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North Mymms - Parish and People
by Dorothy Colville

Chapter 25 - Getting About His Parish

The vicars of the present day quarter their parishes in motorcars. From the comfort of a front seat they can see their flocks going about their lawful business, but it is doubtful if their flocks see them, for it is very difficult to recognise a waving hand.

Some of us remember the two tall, athletic parsons who rode what to our youthful eyes were the tallest bicycles in the world and we recall "So that I can see and be seen" given as the reason for continuing to use a bicycle even after acquiring a car.

The picture of a cleric in sombre black-and-white habit perambulating his parish on a plump, steady old mare would probably be a true one for Georgian and early Victorian days. The vicars Meyer and Latter certainly visited on horseback.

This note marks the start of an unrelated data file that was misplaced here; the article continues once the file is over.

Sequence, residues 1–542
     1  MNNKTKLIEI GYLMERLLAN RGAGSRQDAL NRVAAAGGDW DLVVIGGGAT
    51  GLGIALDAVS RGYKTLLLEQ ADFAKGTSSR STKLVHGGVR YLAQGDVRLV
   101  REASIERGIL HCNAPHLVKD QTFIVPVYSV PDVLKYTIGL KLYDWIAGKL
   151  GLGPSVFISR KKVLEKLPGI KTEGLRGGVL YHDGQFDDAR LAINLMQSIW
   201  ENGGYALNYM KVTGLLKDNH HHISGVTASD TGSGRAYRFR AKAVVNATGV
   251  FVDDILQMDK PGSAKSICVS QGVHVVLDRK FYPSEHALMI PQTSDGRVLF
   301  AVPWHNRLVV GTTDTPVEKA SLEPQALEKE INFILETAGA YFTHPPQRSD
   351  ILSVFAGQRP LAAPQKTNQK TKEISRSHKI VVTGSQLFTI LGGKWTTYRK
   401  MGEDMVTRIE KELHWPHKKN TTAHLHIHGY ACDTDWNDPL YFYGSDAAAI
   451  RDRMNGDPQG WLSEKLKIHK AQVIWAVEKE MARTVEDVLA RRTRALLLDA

The last of the Victorian parsons of our parish, however, went around in a little pony-trap, accompanied always by a groom-gardener-handyman. He had had a succession of men after the death of an old and loved family retainer, Sprusen, and at length one Paternoster, a merry wight by all accounts, filled the post. He sat beside his master as they visited the outlying parts of the parish and he walked the pony up and down while his master made his calls.

He told with much relish how, on going first to Hawkshead, he had been surprised, when at the bottom of the little hill, the vicar stopped as was his wont and in a solemn voice said "Now a little prayer, Pasternoster."

Dorothy Colville, 1971


Chapter 26 - The Story of the Local Railway
Index - North Mymms Parish and People

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